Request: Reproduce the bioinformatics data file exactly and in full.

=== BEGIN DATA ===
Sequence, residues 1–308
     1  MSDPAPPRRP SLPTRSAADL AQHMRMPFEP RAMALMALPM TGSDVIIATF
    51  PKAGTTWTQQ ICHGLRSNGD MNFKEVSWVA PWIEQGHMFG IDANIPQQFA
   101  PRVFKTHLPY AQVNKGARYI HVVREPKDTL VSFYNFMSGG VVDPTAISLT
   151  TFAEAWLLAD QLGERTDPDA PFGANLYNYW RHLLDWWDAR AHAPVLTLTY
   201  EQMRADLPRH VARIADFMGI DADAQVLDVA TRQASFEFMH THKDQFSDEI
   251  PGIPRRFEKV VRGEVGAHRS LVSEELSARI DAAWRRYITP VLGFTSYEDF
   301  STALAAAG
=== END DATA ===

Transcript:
Sequence, residues 1–308
     1  MSDPAPPRRP SLPTRSAADL AQHMRMPFEP RAMALMALPM TGSDVIIATF
    51  PKAGTTWTQQ ICHGLRSNGD MNFKEVSWVA PWIEQGHMFG IDANIPQQFA
   101  PRVFKTHLPY AQVNKGARYI HVVREPKDTL VSFYNFMSGG VVDPTAISLT
   151  TFAEAWLLAD QLGERTDPDA PFGANLYNYW RHLLDWWDAR AHAPVLTLTY
   201  EQMRADLPRH VARIADFMGI DADAQVLDVA TRQASFEFMH THKDQFSDEI
   251  PGIPRRFEKV VRGEVGAHRS LVSEELSARI DAAWRRYITP VLGFTSYEDF
   301  STALAAAG